Wednesday, January 02, 2008


Happy New Year! I hope 2008 has been treating you well so far. For my Michigan readers, I hope you are staying warm and dry with all the snow we have received in the last 2 days.

The new year brings resolutions – many include losing weight and eating healthier. Last year I posted some tips for eating healthier and making and keeping resolutions (

I thought I would start this year on a different note. Did you know that 2008 is The International Year of the Potato?!?! For those that know me, they know that the Munger Potato Festival is an integral part of my life, and that I never miss it. And who does not love potatoes?! So when I heard that this was the Year of the Potato, I was ecstatic.

At a conference held by the United Nations in 2005, a proposal was approved to bring recognition to world hunger problems. With the potato being an easily grown, fairly nutritious and already being grown in most countries, it made a good choice as the crop to promote. The hopes are to alleviate poverty and malnutrition, provide food and security and increase growth in developing nations.

Some interesting potato facts:

  • In 2005, for the first time ever, more potatoes were grown in developing countries than developed countries – 318 million tonnes total (1 tonne or metric ton = 1,000 kilograms).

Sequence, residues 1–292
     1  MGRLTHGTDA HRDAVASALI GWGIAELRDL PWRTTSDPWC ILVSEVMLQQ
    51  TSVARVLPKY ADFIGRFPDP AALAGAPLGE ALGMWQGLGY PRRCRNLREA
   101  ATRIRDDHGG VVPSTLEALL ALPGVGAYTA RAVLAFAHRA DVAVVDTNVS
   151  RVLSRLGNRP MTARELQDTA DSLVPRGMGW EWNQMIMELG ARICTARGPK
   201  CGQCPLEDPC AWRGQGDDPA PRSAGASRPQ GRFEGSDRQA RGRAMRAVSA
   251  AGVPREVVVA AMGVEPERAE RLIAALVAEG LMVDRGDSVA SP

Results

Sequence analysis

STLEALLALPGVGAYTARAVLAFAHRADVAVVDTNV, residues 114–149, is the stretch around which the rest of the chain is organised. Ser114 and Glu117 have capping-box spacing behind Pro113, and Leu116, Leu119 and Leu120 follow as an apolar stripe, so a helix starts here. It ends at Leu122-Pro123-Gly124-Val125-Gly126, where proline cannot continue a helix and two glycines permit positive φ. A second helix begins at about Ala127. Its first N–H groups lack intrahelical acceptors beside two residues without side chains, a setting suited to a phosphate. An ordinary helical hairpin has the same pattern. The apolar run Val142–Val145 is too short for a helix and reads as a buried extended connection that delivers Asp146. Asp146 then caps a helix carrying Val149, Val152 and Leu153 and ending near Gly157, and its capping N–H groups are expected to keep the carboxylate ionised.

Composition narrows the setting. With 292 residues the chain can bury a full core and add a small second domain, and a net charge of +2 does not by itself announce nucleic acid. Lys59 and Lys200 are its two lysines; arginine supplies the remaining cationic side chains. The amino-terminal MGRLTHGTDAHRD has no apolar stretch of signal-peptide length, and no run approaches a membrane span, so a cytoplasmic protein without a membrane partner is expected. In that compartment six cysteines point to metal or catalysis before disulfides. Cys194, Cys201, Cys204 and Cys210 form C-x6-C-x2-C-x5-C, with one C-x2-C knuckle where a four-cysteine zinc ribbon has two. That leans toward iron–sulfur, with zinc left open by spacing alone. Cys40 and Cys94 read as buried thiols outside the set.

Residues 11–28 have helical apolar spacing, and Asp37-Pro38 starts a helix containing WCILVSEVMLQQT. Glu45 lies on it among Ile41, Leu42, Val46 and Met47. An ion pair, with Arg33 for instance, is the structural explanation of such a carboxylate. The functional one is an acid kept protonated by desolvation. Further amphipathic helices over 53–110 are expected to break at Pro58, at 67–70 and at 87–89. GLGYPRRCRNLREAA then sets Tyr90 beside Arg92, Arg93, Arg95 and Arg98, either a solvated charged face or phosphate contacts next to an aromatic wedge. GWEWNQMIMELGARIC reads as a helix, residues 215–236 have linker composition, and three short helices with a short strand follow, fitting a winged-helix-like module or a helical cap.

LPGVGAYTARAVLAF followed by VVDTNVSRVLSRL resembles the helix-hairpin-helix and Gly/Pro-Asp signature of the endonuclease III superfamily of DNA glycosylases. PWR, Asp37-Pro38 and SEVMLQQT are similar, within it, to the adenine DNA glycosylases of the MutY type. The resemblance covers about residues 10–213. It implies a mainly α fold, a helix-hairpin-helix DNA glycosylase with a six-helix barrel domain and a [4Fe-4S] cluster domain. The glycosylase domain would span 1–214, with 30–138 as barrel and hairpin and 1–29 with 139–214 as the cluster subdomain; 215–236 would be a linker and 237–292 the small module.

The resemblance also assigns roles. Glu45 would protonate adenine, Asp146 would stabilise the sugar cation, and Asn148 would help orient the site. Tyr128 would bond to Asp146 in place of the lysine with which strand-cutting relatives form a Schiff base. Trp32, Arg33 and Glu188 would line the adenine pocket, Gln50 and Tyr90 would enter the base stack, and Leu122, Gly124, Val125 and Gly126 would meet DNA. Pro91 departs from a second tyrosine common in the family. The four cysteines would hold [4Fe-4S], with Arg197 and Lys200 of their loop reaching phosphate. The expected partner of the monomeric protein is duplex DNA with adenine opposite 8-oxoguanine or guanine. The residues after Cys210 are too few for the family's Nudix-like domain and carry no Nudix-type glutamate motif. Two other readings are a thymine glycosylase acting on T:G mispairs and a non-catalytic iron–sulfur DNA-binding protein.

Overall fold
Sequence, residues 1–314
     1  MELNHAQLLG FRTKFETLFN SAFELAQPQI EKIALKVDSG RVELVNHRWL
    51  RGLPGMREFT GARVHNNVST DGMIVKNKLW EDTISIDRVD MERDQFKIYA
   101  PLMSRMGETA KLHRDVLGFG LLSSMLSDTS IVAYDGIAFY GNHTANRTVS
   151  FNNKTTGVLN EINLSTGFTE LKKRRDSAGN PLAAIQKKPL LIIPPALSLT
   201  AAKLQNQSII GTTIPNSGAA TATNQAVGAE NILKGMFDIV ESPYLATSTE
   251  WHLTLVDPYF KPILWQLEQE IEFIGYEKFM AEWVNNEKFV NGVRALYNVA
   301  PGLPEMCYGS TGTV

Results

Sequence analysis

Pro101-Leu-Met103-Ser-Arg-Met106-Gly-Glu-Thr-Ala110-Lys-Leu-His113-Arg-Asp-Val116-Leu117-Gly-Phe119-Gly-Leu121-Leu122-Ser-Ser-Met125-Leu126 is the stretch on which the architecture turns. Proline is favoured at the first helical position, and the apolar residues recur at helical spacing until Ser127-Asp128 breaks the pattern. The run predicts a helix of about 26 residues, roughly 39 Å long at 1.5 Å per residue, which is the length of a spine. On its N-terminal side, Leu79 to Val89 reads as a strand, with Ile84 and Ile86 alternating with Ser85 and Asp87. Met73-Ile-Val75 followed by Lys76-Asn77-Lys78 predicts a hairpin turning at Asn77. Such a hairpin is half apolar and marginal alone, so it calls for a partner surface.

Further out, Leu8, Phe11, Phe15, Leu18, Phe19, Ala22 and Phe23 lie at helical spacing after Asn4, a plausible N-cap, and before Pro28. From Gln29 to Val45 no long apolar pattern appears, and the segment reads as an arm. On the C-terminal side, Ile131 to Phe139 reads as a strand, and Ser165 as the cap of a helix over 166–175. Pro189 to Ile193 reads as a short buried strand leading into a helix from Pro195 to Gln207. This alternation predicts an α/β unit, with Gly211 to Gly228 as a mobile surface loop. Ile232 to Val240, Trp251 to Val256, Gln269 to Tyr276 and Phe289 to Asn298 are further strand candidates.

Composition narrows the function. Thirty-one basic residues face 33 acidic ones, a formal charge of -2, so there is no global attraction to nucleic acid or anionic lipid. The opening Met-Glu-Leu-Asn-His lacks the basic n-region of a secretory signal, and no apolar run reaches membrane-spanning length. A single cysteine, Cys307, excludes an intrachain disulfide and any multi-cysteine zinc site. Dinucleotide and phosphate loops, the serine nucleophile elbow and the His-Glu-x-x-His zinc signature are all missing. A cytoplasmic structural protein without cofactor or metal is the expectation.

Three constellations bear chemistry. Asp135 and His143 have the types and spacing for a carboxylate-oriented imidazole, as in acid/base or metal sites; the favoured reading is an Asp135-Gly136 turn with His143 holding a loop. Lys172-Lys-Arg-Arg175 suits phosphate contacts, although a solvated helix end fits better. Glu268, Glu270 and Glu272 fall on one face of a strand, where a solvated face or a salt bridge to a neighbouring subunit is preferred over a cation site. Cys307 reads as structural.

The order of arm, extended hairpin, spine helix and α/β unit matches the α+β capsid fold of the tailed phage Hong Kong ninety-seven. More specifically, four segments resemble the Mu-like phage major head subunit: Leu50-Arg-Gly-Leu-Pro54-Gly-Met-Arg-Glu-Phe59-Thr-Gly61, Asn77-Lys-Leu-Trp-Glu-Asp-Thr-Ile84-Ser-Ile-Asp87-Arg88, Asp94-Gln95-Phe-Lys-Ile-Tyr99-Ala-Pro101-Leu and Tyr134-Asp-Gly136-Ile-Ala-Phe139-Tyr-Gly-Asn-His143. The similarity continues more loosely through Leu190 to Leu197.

• China and India grow about one-third of the total global potato production.

  • Europeans (including former Soviet countries) consume the largest amount of potatoes.

  • The United States ranks fourth global for potato production. Americans eat about 120 pounds of potatoes annually.

Potatoes are native to South America and have been around for at least 8,000 years. The Spanish introduced them to Europe in the 16th Century. Today there are 7,500 varieties of potatoes worldwide.

Potatoes are a good source of complex carbohydrates (what our body produces energy from) and fiber. We can get half of our daily intake of Vitamin C from eating potatoes with their skins. Potatoes are also a better source of potassium than bananas (417 mg versus 358 mg).

Potatoes are extremely versatile Рthey can be boiled, baked, roasted, mashed, fried, stuffed, broiled, saut̩ed or steamed.

Some interesting potato recipes from

Cannelloni of Potato and Wild Mushrooms

Roasted Rosemary Garlic Potatoes

Lime Basil Idaho Potato Tabbouleh

1 comment:

Corinne said...

Thanks for making my day (and my year)! As you know, I have had a life-time love of potatoes & will thoroughly enjoy devoting this year to them!